To Change the World, Change Your Mind

To change the world, change your mind. Although a bit less profound, the same philosophy can be applied to dealing with a less than personable boss. Sometimes nosey, sometimes far too intrusive, sometimes downright rude, bosses have the power to make the workplace difficult, to say the absolute least. Yet, even having a terrible boss can be a good thing. When working under someone with questionable behavior, you should keep your head up, your eyes forward, and the following in mind:


At times, poorly behaved bosses will fail to show grace while giving what is supposed to be constructive criticism. When witnessing such displays of borderline verbal abuse and insulting remarks towards subordinates, you should remember that such inclinations of maliciousness are exactly what you do not want to display when you work your own way to the top. Regardless of how intelligent or efficient you are, all management positions require an advanced degree of refined emotional intelligence.


Communication between management and their subordinates is supposed to be a mutual exchange. One is supposed, talk and then listen, and then absorb the information to make the best possible decision. Yet, far too often, management will become absorbed in their hierarchical stratification and will fail to listen. They will only talk and neglect their employees potentially innovative ideas in favor of hearing the sound of their own voice. This destructive tendency tarnishes superiors’ reputations because it forces employees to find another medium of expression where they are allowed to voice their ideas, their opinions, and perhaps most importantly, their feelings.

The boss is the boss.

Although it is important to listen to your workers, that is not to say the boss does not have the final word. Communication should certainly be open, but the boss can by no means allow themselves to be bullied into a decision. Of course, every opinion should be heard, but that does not mean it has to be acted upon.

Pay well and equally.

It is of the utmost significance that employees who do a similar job are paid a similar salary. If the boss fails to pay his or her workers the same salary, and word gets out, then he or she is bound to inspire resentment amongst the staff. A paycheck is clear indication of value, and to marginalize someone over another when they are each doing the same job is at the very best misguided, and at the very worst worthy of legal action.

Even when dealing with the worst of the worst, we can learn something, grow, and apply those lessons to future situations. Just because you may not get along with a particularly difficult boss, that is in no way an excuse to shut down. Instead, embrace the scenario and better yourself for it. That which doesn’t kill us only makes us stronger.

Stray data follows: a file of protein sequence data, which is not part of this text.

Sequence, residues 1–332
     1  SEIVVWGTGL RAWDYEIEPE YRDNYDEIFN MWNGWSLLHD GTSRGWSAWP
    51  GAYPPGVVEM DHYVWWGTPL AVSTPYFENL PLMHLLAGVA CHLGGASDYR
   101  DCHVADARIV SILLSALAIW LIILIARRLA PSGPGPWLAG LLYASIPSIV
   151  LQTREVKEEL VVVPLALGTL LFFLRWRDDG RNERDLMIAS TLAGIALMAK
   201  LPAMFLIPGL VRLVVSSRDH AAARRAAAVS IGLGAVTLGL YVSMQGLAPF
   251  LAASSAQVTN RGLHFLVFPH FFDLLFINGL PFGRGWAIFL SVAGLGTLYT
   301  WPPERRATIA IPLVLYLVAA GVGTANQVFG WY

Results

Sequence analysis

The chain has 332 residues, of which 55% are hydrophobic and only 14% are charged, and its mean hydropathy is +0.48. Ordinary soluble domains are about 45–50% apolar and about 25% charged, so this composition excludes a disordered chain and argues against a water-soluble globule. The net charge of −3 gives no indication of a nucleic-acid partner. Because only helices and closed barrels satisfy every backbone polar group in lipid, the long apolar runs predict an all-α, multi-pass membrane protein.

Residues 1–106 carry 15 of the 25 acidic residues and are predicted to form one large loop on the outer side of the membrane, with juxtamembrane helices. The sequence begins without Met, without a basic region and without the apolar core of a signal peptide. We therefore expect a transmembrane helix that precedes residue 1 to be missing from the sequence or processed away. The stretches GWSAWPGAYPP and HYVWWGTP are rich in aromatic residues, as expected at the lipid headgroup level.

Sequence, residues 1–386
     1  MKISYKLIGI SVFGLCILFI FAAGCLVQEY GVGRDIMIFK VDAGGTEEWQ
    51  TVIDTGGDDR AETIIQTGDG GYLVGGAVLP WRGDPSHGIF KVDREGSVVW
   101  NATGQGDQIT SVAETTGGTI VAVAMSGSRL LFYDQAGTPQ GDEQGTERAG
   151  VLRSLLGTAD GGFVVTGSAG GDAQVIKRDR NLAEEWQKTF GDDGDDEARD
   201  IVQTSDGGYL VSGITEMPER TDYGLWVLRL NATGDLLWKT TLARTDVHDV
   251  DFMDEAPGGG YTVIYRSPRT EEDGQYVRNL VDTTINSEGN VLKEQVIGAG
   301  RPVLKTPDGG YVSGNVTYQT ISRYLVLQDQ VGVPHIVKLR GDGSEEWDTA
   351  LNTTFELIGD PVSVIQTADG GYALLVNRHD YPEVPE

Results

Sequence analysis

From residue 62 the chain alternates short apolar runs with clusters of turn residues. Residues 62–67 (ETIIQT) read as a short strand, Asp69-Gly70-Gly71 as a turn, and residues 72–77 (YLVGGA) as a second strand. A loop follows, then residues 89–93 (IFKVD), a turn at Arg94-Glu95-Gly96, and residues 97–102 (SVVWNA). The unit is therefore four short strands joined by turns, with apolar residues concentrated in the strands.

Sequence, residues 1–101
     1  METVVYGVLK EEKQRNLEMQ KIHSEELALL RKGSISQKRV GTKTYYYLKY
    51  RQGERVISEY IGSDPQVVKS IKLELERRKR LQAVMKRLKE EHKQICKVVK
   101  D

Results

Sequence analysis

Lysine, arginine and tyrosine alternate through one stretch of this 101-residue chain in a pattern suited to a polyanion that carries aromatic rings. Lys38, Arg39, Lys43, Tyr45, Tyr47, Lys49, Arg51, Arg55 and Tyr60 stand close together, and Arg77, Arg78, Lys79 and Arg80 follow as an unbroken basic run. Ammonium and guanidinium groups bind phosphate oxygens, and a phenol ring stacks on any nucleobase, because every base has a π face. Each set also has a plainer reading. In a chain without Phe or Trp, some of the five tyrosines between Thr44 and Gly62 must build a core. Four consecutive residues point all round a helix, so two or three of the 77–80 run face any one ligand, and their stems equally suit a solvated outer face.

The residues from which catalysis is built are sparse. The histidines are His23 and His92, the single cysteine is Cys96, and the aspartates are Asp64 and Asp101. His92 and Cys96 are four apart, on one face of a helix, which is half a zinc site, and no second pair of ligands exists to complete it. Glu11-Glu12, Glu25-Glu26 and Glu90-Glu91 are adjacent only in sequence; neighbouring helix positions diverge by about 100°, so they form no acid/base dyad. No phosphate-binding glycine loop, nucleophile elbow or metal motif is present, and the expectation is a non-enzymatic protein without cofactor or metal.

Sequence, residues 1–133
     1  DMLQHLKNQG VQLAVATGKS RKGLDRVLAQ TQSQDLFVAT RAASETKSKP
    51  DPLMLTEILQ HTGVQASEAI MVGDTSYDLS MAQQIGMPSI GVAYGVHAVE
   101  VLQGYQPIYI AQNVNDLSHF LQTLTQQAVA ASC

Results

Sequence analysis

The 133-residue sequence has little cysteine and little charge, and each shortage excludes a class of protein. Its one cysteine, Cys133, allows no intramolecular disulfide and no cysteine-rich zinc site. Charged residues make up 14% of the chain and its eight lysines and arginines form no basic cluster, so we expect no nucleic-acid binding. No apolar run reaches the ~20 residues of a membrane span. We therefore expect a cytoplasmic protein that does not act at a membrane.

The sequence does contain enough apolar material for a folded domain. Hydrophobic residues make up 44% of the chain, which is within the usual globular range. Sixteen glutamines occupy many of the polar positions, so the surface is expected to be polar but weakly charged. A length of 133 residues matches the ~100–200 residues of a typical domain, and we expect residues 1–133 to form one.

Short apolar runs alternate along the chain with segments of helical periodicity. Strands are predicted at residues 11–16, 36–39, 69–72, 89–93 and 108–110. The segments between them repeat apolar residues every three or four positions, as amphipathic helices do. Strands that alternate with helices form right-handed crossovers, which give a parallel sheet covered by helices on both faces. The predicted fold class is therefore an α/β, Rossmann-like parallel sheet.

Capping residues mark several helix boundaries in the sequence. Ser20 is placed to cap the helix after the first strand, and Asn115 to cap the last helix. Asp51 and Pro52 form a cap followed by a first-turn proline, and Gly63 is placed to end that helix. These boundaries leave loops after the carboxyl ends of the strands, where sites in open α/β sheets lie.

3 Ways to Be More Effective at Execution

Execution is usually defined as having the ability to achieve individual goals or objectives. In the workforce, employees who are able to execute in high volumes tend to be promoted to upper management positions, while slower, more lethargic employees don’t. The catch with execution is that even though managers want you to do as much as possible, there’s a risk of taking on too much. When managers work very hard and around the clock they expect their team members to do the same. However, pushing too hard on demands and expectations can lead to an unhealthy work environment or even worse, having employees quit. Instead of potentially risking the loss of your employees, try other more sustainable ways of encouraging and improving execution. Take a look at these three ways that you can use to develop a healthier, more effective method of execution:

I. Strive to be clear and methodical.

Instead of jumping right into the execution of a task or project, take the time to prepare. Make sure you are clear on what needs to get done, how it should get done, and who is responsible for what. When everyone is collectively responsible for a task, that actually means no one is. You must be methodical and develop a structure and a plan according to what said goal is. When you are organized and strategic, you and your team will have a clear sense of direction and will ultimately accomplish the goals more efficiently. 

II. Plan out stretch goals and deadlines.

For example, go ahead and ask your team what it would take for them to complete a goal two weeks before the original deadline. According to their answer, adjust accordingly and set a stretch goal. It’s important you’re realistic and fair when setting a stretch goal; the point is not to burn out your team. That said, strategic stretch goals have proven to engage employees more and make them feel more satisfied with their work. It’s always rewarding when a team joins forces and accomplishes something they previously thought they were not able to do. Aside from stretch goals, always make sure you set regular deadlines. Employees may not love them, but the truth of the matter is that deadlines truly help in the execution of tasks and projects. 

III. Build team unity

One of the best ways you can build team unity is by resolving conflicts that will inevitably arise between team members. When you’re working with a team, there will always be different opinions and attitudes towards the work that needs to get done, so naturally there will be conflict. But if you are able to respectfully hash out your differences as a team, you will naturally become more united. You will develop respect and trust amongst one another and, as a result, working together will become a smoother process.